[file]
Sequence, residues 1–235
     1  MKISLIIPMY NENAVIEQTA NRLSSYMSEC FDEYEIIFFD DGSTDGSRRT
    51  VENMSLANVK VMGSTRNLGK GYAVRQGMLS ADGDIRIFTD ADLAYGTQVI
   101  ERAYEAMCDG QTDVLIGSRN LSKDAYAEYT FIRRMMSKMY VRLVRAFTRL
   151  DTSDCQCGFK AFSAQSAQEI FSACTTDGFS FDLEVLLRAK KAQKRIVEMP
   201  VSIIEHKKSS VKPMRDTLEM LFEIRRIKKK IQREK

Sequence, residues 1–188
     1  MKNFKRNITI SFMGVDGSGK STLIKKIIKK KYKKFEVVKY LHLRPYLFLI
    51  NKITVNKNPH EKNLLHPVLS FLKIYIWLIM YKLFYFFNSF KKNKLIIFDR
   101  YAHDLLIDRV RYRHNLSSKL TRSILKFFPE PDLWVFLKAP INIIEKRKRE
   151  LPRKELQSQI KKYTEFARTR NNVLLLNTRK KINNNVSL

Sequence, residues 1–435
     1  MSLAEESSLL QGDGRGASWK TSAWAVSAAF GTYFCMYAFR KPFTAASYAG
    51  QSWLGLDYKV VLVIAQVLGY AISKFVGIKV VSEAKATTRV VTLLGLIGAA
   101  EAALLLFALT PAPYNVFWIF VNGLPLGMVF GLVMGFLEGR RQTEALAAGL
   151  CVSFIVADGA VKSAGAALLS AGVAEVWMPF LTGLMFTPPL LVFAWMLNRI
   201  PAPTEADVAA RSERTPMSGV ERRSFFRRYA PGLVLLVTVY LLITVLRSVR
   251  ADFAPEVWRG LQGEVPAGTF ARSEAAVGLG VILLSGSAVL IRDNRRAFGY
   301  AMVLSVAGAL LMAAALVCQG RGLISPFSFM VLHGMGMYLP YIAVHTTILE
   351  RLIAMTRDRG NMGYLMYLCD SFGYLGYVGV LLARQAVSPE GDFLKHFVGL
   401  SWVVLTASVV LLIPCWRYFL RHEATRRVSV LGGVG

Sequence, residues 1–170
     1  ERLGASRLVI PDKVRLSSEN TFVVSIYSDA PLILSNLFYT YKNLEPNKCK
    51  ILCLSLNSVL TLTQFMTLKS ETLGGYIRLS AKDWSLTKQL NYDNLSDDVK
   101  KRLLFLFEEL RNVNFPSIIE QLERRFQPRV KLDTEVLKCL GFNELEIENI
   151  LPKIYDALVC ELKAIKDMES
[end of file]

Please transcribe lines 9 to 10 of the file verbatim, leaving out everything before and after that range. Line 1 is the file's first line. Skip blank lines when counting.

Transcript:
    51  NKITVNKNPH EKNLLHPVLS FLKIYIWLIM YKLFYFFNSF KKNKLIIFDR
   101  YAHDLLIDRV RYRHNLSSKL TRSILKFFPE PDLWVFLKAP INIIEKRKRE